LAKE PARK, GA (WALB) - Governor Brian Kemp is making his rounds through South Georgia, with his first stop Friday morning at the Corbett Country Corner, in Lake Park, where he signed a bill legalizing hemp production.
One of the sponsors of House Bill 213 is State Representative John Corbett, from Lake Park.
The community gathered at the crack of dawn to see Governor Kemp, who spoke about putting money into mental health wellness in schools, giving raises to teachers, and more. But today’s focus was about one thing—implementing what he references an innovative solution.
“Move over sweet potato, here comes hemp," said Dee-Dee Hider, a hemp production advocate.
Hider works in Hemp Production across the country, and was one of many people that came out to see the governor sign the Georgia Hemp Farming Act.
“For Georgia to jump in with our climate, with as much land as we have, as much space as we have, and the experienced growers and farmers that we have— Georgia is going to kick some serious butts," said Hider.
A move many are excited about because of the opportunity for farmers to diversify their agriculture.
“We’re a huge farming community, so anything more that can bring farming to this area, we’re all excited about. These guys are great. These farmers work very hard. They put in— they put in a hundred percent every day," said Tracy Vickers, owner of Corbett Country Corner.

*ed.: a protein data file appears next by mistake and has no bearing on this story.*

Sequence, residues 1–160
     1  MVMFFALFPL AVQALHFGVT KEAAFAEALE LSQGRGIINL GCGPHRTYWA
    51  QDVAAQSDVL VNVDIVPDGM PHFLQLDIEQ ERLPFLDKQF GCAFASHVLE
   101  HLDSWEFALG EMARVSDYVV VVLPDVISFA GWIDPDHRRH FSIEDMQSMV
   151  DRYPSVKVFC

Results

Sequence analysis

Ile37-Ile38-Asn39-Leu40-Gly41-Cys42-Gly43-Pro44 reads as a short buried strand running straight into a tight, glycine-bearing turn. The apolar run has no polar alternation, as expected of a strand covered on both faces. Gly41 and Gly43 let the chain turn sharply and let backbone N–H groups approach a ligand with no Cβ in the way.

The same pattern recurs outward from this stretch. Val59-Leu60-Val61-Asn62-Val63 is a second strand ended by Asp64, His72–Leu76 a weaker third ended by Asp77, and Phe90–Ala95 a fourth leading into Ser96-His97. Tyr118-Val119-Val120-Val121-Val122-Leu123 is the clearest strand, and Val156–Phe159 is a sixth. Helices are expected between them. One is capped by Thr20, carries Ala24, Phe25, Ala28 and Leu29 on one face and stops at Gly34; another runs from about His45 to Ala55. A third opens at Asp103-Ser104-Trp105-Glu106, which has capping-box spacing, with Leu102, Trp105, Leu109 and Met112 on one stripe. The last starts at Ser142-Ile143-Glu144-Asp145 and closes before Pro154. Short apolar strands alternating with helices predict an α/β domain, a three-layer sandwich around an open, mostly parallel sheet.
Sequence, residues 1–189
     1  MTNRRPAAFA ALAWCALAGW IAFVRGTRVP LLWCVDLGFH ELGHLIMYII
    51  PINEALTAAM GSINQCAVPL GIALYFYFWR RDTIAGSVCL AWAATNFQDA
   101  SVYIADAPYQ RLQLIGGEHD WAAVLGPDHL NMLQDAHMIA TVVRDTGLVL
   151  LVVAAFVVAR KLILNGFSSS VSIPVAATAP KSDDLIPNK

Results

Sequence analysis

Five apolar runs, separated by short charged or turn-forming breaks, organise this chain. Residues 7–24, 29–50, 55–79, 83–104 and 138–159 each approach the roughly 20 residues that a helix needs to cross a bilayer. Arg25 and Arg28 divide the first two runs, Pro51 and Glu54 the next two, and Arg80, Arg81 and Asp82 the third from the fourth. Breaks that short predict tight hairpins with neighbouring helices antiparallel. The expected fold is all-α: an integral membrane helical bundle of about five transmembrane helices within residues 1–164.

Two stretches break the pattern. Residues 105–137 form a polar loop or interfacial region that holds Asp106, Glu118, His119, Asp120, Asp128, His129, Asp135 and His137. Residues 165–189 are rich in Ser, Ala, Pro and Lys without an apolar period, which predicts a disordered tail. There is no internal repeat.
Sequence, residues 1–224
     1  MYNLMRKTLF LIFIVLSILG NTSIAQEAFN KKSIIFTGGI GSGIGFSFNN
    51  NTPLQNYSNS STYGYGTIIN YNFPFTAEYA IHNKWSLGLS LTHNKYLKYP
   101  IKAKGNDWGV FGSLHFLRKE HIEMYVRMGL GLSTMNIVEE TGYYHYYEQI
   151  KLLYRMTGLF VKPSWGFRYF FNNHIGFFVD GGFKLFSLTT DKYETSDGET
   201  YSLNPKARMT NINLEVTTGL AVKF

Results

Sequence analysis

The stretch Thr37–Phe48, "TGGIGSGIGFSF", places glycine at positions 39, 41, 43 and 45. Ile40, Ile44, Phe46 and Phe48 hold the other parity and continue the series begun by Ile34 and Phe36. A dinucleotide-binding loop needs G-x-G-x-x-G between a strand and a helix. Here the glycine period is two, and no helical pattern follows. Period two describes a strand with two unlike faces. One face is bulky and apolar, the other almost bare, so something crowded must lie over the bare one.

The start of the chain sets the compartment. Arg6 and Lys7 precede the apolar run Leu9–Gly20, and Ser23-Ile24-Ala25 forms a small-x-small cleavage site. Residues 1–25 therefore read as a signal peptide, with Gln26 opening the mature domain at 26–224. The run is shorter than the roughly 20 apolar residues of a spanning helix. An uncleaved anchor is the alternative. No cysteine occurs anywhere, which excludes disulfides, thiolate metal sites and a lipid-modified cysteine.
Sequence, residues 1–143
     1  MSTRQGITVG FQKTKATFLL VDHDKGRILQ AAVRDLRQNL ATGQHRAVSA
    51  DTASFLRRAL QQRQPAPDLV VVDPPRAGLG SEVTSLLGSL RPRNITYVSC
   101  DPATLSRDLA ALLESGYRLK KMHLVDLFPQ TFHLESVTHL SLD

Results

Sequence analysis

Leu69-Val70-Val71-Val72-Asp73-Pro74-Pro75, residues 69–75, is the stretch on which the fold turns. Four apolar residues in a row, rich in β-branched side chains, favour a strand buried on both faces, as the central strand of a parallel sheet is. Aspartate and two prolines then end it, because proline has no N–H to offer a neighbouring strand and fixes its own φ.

Governor Kemp spoke about coming back to show those farmers and the people of South Georgia he’s serious about the promises he made to strengthen rural Georgia on the campaign trail.
“Certainly signing the industrial hemp act is going to give out famers— help diversify our ag economy. I certainly appreciate Representative John Corbett’s leadership on that. So, it’s an exciting day down here," said Kemp.
He shared that he’s glad to be visiting Echols County again, and says he doesn’t plan for this to be his last stop.
“My goal is to go to all 159 counties as governor and we’re just getting started on that," said Kemp.
While he was there, to sign the Georgia Hemp Farming Bill, that didn’t stop the conversation from turning to a more controversial bill he recently signed— the Heartbeat Bill. A decision that made the crowd erupt in applause.
One of the speakers went as far as to personally thank the Governor for what he called his decision to put people before politics.
We spoke to one woman who shared that his involvement with the bill touched her heart, because she has family members with disabilities that she says she couldn’t imagine aborted.
“When you see someone like that, they just bring joy to your life. It doesn’t— nobody should have that right to decide," said Vickers.
This is just one of many stops for the governor in the coming days.
He has plans to speak at Valdosta State University for their commencement ceremony on Saturday.